His research asks when and why NGO-led electrification projects catalyze innovation in large-scale, public-private energy initiatives in rural Peru. The empirical focus of his research is an NGO whose success has prompted the Peruvian government to electrify 500,000 homes via solar energy. This demonstrates that small-scale NGO initiatives may be able to spur governments to adopt energy policies that address historical structural inequalities, while progressing towards a global clean energy future. His project offers an ethnography of the policy contact zone between state and non-state actors, both in the capital city and selected rural field sites. A state-society understanding of how energy policy is constructed and negotiated in Peru can generate insights into the politics of clean energy in other developing states.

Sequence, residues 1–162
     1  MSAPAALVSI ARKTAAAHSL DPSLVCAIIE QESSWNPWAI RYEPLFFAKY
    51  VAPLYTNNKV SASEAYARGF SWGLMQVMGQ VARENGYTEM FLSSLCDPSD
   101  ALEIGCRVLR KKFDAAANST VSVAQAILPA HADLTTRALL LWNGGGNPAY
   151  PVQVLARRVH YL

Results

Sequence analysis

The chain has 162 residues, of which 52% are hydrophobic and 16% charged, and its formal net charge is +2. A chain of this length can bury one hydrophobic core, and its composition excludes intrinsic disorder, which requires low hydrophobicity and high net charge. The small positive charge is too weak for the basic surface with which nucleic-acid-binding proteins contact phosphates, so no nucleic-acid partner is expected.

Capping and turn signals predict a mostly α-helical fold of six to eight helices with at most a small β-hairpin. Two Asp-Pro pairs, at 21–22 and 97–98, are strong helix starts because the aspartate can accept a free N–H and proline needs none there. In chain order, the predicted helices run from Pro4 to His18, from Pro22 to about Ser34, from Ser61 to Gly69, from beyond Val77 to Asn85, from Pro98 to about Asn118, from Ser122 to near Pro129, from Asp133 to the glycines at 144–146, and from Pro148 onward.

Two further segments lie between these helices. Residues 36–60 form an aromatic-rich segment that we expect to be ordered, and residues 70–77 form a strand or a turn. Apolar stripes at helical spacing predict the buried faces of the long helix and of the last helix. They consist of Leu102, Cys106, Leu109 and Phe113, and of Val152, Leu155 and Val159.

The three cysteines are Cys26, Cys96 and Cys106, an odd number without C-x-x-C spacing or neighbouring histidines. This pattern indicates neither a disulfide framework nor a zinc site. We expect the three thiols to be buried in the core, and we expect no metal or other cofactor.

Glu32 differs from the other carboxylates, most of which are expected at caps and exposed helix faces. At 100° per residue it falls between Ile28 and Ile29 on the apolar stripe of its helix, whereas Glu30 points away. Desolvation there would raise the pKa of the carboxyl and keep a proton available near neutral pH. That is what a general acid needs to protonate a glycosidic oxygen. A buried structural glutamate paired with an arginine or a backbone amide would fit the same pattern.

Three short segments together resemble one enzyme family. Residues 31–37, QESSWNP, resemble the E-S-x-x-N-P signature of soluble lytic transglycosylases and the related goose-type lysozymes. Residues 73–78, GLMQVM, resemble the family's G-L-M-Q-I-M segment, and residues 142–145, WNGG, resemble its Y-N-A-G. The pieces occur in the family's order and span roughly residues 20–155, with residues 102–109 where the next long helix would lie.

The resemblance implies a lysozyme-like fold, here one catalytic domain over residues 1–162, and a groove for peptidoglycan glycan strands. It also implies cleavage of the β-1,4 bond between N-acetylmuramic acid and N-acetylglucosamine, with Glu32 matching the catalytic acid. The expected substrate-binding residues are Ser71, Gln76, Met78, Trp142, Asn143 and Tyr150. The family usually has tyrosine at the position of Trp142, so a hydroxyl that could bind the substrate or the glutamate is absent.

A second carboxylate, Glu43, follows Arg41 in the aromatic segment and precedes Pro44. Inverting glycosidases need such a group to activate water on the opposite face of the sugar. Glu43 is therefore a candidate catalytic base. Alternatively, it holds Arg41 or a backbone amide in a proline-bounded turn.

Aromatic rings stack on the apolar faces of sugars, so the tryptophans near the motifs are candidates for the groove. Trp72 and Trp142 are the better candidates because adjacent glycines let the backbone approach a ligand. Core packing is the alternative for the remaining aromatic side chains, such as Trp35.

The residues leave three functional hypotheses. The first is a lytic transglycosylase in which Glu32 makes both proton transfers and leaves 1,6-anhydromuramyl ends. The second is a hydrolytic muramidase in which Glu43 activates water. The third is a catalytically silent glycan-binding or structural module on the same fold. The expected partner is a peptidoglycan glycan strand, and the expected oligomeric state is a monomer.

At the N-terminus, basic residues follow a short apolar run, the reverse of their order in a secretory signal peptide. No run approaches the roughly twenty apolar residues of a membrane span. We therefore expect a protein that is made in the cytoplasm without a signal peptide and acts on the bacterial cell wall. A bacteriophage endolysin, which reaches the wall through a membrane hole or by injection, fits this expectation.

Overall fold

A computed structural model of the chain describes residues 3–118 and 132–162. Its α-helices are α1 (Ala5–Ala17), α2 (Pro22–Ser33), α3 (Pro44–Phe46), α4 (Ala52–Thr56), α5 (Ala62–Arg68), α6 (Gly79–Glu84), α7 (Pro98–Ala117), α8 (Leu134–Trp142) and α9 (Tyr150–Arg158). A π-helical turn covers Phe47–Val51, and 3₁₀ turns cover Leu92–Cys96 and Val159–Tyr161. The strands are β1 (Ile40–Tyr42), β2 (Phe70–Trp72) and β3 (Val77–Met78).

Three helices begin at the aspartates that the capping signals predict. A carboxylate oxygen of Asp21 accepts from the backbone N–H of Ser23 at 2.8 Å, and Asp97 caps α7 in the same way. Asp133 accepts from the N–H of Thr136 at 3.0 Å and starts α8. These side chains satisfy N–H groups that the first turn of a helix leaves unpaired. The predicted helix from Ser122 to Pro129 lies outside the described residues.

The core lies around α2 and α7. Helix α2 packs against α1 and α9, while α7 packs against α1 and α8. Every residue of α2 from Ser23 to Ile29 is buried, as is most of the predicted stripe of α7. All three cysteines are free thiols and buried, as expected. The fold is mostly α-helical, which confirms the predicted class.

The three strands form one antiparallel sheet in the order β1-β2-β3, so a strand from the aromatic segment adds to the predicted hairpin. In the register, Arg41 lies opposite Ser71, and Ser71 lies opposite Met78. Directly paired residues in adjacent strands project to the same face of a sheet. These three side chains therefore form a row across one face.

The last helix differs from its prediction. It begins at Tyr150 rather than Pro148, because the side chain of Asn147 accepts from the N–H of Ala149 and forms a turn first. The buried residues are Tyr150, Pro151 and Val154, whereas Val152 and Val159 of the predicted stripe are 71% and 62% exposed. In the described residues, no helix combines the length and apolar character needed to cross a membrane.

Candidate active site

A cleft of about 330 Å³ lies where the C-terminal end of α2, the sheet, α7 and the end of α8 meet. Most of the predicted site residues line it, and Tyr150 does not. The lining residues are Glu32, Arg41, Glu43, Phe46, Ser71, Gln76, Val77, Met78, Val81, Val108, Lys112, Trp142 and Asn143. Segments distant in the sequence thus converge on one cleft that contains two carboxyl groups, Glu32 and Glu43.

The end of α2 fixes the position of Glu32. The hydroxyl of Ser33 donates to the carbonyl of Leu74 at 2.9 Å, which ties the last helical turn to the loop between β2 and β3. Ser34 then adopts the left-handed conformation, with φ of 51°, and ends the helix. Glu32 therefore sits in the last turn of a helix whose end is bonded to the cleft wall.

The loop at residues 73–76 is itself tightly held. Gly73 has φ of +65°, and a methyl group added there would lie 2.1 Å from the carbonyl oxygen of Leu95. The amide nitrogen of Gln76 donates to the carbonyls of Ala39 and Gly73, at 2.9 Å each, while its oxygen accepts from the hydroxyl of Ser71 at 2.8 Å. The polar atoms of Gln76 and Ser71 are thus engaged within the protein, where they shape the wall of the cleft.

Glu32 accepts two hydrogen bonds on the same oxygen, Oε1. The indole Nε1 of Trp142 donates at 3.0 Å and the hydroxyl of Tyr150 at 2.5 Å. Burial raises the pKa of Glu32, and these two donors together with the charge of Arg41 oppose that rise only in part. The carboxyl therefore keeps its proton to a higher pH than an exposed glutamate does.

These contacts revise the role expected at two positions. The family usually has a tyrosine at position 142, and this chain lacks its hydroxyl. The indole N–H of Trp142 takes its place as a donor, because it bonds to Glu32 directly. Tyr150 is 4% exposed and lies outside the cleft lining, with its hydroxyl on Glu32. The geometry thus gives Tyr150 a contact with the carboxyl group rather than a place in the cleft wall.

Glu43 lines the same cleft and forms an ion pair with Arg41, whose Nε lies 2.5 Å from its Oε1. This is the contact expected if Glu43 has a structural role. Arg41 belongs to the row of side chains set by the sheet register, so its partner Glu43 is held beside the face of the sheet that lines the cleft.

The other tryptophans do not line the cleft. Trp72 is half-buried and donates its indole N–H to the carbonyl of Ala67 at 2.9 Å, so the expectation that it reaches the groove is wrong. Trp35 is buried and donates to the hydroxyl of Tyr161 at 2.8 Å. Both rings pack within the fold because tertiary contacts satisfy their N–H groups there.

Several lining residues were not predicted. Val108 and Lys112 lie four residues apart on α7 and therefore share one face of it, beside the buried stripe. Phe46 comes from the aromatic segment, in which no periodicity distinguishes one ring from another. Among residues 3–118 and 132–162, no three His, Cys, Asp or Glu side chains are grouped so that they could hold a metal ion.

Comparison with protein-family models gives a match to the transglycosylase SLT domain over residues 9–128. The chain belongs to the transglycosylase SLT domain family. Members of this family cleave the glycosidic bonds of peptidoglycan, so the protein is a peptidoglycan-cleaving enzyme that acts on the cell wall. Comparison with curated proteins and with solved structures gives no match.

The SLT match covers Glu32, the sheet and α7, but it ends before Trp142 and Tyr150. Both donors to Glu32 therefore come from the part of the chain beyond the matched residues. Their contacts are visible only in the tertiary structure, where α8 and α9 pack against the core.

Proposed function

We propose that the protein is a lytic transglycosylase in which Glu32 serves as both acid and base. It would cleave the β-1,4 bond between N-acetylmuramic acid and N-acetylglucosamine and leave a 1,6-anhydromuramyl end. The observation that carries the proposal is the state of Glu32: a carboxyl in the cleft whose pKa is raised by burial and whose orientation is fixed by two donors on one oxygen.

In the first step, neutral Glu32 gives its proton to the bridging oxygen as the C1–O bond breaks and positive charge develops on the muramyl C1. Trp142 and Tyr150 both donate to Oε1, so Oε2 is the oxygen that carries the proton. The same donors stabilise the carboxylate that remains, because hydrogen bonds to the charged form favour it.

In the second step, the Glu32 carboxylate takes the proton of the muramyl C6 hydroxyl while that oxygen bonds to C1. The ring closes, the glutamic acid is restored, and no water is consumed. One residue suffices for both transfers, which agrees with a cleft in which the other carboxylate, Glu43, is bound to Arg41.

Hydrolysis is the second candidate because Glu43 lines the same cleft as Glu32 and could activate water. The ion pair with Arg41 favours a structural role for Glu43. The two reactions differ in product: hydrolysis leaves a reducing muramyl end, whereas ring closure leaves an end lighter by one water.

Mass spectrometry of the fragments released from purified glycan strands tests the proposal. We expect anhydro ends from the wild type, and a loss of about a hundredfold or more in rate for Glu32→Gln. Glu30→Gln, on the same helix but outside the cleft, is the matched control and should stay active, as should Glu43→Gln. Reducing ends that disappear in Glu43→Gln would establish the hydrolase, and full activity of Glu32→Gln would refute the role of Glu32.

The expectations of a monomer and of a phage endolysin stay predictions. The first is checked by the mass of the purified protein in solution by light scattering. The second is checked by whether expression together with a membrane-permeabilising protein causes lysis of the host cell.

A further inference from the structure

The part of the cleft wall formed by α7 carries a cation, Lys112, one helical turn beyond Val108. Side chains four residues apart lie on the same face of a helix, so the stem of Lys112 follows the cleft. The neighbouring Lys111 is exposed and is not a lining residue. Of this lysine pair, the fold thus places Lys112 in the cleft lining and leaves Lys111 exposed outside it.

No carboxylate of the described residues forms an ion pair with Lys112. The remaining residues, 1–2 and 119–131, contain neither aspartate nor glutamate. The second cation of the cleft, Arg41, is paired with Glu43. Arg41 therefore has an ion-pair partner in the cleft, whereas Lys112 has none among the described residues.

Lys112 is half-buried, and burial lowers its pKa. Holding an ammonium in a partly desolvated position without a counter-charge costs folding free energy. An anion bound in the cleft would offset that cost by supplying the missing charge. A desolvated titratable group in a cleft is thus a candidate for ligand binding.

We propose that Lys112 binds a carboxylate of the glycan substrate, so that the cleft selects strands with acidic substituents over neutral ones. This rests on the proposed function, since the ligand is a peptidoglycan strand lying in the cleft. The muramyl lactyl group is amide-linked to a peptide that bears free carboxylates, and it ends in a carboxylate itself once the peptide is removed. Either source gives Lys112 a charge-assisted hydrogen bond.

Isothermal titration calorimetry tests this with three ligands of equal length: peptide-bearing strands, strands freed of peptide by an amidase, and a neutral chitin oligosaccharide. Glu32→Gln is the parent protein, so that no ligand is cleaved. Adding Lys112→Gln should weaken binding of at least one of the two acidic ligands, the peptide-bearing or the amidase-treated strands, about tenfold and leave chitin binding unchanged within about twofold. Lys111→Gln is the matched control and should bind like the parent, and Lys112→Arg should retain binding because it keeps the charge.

- University of Wisconsin-Madison, MA in Latin American, Caribbean and Iberian Studies, 2014